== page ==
Surgery consisted of a modified radical mastectomy for 20 (87%) patients and  breast-conserving surgery for the remaining 3. The median interval between surgery and the start of chemotherapy was 18 days.

Chemotherapy consisted of fluorouracil, epirubicin and cyclophosphamide (FEC regimen), administered at 3-week intervals for a total of 6 cycles. All patients received methylprednisolone and ondansetron as premedication to prevent nausea and vomiting.

Questionnaire acceptability

The questionnaire was administered as an interview to the 14 illiterate women in the sample. The non-response rate was 4% for the pre-treatment questionnaire and 6% for the on-treatment questionnaire. For both questionnaires, 12 patients (52%) did not answer item number 7 (Were you limited in pursuing your hobbies or other leisure time activities?) because they found it difficult to answer (6 patients) or because they had no activities other than housekeeping (5 patients) or for unknown reasons (1 patient). For the rest of the questionnaire, missing data were uncommon.

QOL data

Changes in QOL scores are summarized in Table 2. We observed a significant deterioration in physical (P = 0.004), cognitive (P = 0.007) and social functioning (P = 0.012) between the pre-treatment and on-treatment assessments, but not in global QOL, symptoms and financial difficulties. We also found no significant changes for symptom scores.

Assessment of chemotherapy adverse effects

Comparison of the physician’s assessment with the findings of the questionnaire is shown in Table 3. Except for fatigue, chemotherapy-related adverse effects were more frequently reported in routine evaluation by physicians than through the QOL assessment questionnaire (Table 3).


In this study, the Arabic version of the QLQ-C30 questionnaire appeared suitable to assess QOL in this cohort of breast cancer patients. For interviewed patients, the questionnaires were administered by the same physician throughout the study, which eliminated inter-observer variability. However, we found at least 3 limitations that should be discussed. These were related to: methodology, particularly the mode and conditions of questionnaire administration; underestimation of chemotherapy toxicity; and lack of assessment of the impact of surgery on QOL.

We frequently administered the QLQ-C30, which is a self-reported instrument, in the form of an interview because of the expected high rate of illiteracy among the study population. In fact, this rate (61%) was comparable to the literacy rate in Tunisian adult females aged 45–54 years, which is estimated at 50.9% [9]. Although this mode of administration produces fewer missing items, it is time-consuming for the health care team and may lead to overly optimistic data [10]. Moreover, in the context of a busy outpatient clinic, privacy and quietness were not uniformly assured, which made conditions under which questionnaires were completed suboptimal [11].

Whereas nausea and vomiting were frequently noted as side-effects during pre-treatment visits, these were documented by QOL assessment in only 17% of the cases. This discrepancy may be attributable to the timing of the on-treatment QOL evaluation, which did not correspond to the peak of chemotherapy-related toxicity [12]. Because of limited possibilities for performing telephone interviews, we could not assess QOL during the interval between routine visits, which resulted in underestimation of the impact of chemotherapy on patients’ QOL. Moreover, adverse effects such as mucositis or alopecia are not evaluated by the QLQ-C30, making physicians’ assessment more accurate than the QOL questionnaire in this respect.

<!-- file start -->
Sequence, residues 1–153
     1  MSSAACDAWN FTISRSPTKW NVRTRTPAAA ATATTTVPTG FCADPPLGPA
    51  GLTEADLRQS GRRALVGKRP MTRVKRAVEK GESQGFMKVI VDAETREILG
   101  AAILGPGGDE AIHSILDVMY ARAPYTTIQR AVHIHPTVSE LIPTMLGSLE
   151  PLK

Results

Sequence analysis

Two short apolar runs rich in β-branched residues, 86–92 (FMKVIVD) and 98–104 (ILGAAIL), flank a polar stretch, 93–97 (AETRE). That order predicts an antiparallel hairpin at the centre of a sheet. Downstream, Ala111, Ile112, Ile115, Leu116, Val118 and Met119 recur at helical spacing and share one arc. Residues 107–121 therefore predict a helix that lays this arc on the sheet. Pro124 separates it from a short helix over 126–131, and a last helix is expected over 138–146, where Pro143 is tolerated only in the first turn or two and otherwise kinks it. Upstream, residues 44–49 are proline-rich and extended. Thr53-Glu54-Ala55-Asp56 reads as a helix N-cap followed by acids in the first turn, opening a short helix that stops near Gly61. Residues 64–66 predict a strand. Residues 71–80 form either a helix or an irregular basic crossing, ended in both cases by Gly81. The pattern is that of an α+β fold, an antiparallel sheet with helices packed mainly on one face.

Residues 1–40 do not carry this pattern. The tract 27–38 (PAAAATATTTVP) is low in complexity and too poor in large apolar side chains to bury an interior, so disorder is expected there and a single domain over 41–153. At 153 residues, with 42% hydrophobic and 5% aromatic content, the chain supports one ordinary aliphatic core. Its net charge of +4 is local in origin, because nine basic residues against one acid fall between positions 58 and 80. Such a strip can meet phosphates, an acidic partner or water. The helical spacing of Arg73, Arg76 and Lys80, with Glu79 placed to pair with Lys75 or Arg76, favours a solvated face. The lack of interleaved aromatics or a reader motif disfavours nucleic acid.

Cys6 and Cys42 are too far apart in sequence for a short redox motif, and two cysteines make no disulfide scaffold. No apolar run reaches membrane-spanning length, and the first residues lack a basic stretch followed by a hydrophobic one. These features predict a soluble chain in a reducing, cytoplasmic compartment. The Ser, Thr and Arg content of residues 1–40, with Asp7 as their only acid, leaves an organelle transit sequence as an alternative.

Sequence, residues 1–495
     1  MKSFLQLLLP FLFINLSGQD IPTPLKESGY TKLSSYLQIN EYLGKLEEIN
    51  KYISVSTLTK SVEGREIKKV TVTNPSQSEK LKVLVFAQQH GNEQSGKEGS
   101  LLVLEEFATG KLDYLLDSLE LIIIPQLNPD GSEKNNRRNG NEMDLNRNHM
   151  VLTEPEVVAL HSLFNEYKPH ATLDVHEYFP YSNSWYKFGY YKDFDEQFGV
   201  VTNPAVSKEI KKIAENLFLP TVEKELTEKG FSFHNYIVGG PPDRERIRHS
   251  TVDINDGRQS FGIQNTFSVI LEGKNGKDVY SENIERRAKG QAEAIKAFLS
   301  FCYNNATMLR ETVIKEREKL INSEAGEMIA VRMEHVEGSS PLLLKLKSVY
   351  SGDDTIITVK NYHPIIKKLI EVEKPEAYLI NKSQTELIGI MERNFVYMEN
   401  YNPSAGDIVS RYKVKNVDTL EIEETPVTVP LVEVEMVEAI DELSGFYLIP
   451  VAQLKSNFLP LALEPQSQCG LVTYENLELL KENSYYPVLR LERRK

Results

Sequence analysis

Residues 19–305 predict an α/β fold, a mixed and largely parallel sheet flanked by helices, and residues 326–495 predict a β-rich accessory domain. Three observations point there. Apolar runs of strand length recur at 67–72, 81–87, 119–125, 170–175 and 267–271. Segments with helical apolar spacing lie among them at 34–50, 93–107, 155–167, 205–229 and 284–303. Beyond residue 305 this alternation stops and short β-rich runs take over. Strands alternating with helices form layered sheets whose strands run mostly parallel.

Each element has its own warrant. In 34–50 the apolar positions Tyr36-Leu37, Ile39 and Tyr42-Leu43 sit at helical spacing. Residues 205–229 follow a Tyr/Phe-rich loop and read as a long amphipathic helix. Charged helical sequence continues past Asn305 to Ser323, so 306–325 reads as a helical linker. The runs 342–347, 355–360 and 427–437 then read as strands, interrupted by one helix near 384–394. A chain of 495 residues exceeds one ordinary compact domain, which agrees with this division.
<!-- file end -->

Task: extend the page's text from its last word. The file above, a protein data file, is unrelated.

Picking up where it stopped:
The majority of our patients underwent radical mastectomy without reconstruction. Unfortunately, women referred to our centre for breast cancer usually presented with advanced stage disease. In our experience, tumours smaller than 2 cm, including non-palpable lesions, account for only 3.5% of the cases, compared with 58%, 17% and 21% for T2, T3 and T4 tumours, respectively (Masmoudi A and Frikha M, unpublished data). However, this stage distribution does not necessarily reflect the overall situation of breast cancer in our region. Patients referred to public hospitals tend to have lower education and awareness and lower socioeconomic status than their counterparts treated in private practice. As a result, they are less likely to be rapidly evaluated when early symptoms arise.

Although a meta-analysis has shown a small advantage for breast-conserving surgery over mastectomy when comparing QOL after surgery [13], no major differences have been reported in individual studies [14–16]. However, it has been generally observed that women having breast-conserving surgery report fewer difficulties with body image and clothing [17–19]. In the current study, we did not assess aspects of QOL of a personal nature, such as body image or sexuality. These subjects, often censured in Arab and Islamic societies, would not be adequately assessed unless a self-completed instrument, such as the BR-23 module, was used [20]. Unfortunately, widespread illiteracy precluded performing such a study.

Only a few studies have been performed in developing countries to assess QOL in patients with breast cancer. As in the present study, these reports suffered from serious methodological difficulties. For instance, some authors simply converted a self-administered questionnaire to an interview-based questionnaire [21,22] or excluded questions for which “a response was not expected” [21]. Another group administered the QLQ-C30 questionnaire before each cycle of adjuvant chemotherapy in 2 groups of breast cancer patients [23]. Not only, as in our study, was the timing of QOL assessment suboptimal, but the usefulness of repeating the QOL assessment during 6 consecutive visits was questionable. Moreover, the authors failed to mention the mode of administration and the proportion of women who needed assistance to complete the questionnaire.

In conclusion, QOL assessment in the context of a resource-constrained health system is clearly facing serious practical and methodological obstacles. This is in contrast to developed countries, where computer touch-screen methods have recently been introduced to facilitate collecting QOL data from patients [24]. We must acknowledge, however, that there has been major progress in delivering cancer care in many emerging countries such as ours. Nonetheless, there is still a need for better resource allocation, infrastructure improvement and public education in order to promote early detection and improve patient care and outcome. It is only in this context that well-designed QOL studies aimed to tailor medical and psychosocial interventions can be performed.